In a dispute dubbed the “scallop wars”, French fishermen who participated in an expedition to stop their British counterparts from fishing near the Normandy coast said on Aug. 30 they were ready to continue fighting for the rich catch if no agreement is found.
French and British scallop dredgers rammed into each other on Tuesday in Seine Bay over access to the scallop-rich seabed after French vessels tried to chase their rivals out of the zone, hurling projectiles and insults.
In one video, a British boat is seen ramming into a smaller French vessel, a “scary moment” recalled its captain Franck Tousch.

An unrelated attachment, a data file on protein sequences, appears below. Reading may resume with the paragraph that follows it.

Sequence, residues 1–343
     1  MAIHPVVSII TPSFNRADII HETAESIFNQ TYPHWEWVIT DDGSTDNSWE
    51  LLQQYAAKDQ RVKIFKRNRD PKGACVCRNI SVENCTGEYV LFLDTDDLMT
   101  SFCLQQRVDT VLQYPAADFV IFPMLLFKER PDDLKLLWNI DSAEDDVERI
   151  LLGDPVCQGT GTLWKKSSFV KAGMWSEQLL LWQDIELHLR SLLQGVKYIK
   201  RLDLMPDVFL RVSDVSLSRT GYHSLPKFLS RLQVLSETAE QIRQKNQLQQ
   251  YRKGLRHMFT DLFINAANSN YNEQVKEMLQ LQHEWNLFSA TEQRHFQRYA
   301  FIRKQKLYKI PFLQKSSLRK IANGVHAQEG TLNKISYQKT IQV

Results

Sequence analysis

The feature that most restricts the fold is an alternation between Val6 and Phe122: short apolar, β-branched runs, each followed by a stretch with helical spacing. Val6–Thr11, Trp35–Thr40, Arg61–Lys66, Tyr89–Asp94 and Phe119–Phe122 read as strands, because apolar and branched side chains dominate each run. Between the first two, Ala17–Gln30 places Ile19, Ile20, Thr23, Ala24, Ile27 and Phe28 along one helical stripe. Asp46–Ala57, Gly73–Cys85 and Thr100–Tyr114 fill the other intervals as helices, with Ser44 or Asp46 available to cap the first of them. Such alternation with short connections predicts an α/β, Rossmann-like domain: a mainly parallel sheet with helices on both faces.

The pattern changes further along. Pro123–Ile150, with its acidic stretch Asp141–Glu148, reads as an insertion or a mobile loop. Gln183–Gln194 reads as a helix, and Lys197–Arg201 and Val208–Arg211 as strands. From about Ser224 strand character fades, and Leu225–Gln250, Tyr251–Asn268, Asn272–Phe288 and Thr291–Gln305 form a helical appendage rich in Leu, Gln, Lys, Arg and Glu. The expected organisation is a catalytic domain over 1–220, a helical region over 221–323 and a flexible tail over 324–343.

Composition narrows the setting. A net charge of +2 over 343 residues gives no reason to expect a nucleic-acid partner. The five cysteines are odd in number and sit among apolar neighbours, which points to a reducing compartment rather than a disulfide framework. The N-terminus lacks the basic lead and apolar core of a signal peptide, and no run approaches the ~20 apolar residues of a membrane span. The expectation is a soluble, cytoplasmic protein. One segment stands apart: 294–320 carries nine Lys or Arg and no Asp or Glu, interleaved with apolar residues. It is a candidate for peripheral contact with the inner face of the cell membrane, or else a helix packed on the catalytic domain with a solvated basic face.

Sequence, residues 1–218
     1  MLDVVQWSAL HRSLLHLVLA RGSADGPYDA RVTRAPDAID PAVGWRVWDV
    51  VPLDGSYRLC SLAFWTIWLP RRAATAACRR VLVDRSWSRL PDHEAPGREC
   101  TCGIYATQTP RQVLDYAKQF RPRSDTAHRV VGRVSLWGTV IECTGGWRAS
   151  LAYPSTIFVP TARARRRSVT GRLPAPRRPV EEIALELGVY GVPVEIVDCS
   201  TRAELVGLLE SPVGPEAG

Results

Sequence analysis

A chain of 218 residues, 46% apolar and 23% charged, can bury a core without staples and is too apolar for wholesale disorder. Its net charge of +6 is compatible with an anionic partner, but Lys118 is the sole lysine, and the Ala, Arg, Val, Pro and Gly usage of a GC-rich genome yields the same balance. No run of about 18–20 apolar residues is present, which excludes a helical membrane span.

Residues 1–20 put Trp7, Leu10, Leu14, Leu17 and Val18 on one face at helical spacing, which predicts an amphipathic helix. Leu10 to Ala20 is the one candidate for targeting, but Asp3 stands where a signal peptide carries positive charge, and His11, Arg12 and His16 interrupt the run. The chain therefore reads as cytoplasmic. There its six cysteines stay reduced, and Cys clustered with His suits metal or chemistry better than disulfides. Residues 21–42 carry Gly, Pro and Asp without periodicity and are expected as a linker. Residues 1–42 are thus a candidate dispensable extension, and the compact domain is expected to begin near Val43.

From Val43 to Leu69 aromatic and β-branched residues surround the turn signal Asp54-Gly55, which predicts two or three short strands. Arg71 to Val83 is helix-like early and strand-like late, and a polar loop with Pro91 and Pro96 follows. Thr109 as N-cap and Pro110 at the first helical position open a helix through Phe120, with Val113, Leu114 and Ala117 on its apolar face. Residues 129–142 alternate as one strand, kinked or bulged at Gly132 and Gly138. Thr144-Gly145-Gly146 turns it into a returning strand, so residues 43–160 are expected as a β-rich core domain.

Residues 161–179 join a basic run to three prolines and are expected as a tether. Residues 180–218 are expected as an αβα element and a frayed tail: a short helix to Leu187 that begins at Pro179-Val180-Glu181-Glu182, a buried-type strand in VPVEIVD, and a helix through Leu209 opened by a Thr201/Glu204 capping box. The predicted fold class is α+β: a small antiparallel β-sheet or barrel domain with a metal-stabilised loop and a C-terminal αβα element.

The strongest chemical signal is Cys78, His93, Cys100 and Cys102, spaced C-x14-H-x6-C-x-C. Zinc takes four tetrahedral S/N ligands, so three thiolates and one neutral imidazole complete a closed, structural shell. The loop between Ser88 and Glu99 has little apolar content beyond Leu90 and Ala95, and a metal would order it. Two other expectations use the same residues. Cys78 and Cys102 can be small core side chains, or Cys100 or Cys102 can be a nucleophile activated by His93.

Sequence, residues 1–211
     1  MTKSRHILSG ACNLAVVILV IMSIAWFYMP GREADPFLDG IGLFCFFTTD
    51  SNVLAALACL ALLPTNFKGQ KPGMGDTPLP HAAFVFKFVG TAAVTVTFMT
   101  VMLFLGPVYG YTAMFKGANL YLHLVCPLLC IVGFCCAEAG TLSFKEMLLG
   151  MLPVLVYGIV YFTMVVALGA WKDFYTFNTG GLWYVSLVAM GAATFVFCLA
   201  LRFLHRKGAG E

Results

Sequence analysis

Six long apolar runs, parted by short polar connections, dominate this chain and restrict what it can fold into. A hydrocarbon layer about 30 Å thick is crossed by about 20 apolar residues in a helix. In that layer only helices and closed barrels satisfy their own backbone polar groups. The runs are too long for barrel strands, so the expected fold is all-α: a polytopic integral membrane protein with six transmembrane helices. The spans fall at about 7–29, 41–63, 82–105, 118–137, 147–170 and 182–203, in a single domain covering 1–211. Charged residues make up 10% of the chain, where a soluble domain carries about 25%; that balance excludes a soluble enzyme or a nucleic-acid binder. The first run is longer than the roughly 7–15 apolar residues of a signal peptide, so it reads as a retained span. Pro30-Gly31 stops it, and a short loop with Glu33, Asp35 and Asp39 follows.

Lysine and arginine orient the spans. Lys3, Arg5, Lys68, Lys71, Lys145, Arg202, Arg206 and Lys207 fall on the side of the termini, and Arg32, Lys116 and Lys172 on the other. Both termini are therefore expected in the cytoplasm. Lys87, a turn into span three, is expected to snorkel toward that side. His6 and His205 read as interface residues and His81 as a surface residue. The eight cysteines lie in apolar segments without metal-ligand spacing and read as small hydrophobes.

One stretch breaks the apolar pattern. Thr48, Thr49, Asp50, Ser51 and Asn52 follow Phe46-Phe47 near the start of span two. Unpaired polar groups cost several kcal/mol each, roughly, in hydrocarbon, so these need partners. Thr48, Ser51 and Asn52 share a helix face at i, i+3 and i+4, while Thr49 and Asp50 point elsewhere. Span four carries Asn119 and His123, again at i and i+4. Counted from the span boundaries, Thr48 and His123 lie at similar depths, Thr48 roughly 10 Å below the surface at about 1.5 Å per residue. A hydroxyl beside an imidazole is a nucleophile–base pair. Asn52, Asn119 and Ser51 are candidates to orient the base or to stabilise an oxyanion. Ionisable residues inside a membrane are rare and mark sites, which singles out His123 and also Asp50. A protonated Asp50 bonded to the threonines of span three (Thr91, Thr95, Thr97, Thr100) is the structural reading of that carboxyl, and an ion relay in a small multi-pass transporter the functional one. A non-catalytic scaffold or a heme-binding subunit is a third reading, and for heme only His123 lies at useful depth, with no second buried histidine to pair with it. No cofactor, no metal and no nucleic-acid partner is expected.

The French are irritated that British fishermen are allowed to harvest scallops, a key earner for the region, throughout the year, while they are prevented from doing so during the summer.
Scallops—known as Coquille Saint Jacques in France—are one of just a few species whose catch is governed by national rather than European Union regulation.
France bans all scallop dredging between May 15 and Oct. 1, but Britain allows its vessels to operate year-round.
French scallopers say they hope an agreement with their British counterparts can be found soon but if not, one said, they are ready to head back out to stop English vessels from dredging.
While British ships have no access to French territorial waters up to 12 nautical miles (22 km) off the coast, they can legally operate in the expansive Seine Bay that stretches from Cherbourg to Dunkirk.